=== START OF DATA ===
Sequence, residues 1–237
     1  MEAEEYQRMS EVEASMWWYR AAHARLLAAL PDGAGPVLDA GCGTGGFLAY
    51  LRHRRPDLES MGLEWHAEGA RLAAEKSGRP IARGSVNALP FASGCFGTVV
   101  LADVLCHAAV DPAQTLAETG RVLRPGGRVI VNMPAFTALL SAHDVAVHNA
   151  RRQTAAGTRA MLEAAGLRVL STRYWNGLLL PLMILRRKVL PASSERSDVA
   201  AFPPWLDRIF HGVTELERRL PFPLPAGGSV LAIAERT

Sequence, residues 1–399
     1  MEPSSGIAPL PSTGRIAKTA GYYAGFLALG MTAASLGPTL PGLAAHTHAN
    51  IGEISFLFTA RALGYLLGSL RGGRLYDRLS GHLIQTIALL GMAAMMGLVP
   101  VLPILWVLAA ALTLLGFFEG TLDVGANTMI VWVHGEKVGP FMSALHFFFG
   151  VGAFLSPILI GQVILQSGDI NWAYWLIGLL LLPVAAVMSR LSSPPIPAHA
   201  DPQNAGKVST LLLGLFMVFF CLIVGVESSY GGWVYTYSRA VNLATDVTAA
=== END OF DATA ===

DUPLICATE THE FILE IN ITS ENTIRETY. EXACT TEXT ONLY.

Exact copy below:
Sequence, residues 1–237
     1  MEAEEYQRMS EVEASMWWYR AAHARLLAAL PDGAGPVLDA GCGTGGFLAY
    51  LRHRRPDLES MGLEWHAEGA RLAAEKSGRP IARGSVNALP FASGCFGTVV
   101  LADVLCHAAV DPAQTLAETG RVLRPGGRVI VNMPAFTALL SAHDVAVHNA
   151  RRQTAAGTRA MLEAAGLRVL STRYWNGLLL PLMILRRKVL PASSERSDVA
   201  AFPPWLDRIF HGVTELERRL PFPLPAGGSV LAIAERT

Sequence, residues 1–399
     1  MEPSSGIAPL PSTGRIAKTA GYYAGFLALG MTAASLGPTL PGLAAHTHAN
    51  IGEISFLFTA RALGYLLGSL RGGRLYDRLS GHLIQTIALL GMAAMMGLVP
   101  VLPILWVLAA ALTLLGFFEG TLDVGANTMI VWVHGEKVGP FMSALHFFFG
   151  VGAFLSPILI GQVILQSGDI NWAYWLIGLL LLPVAAVMSR LSSPPIPAHA
   201  DPQNAGKVST LLLGLFMVFF CLIVGVESSY GGWVYTYSRA VNLATDVTAA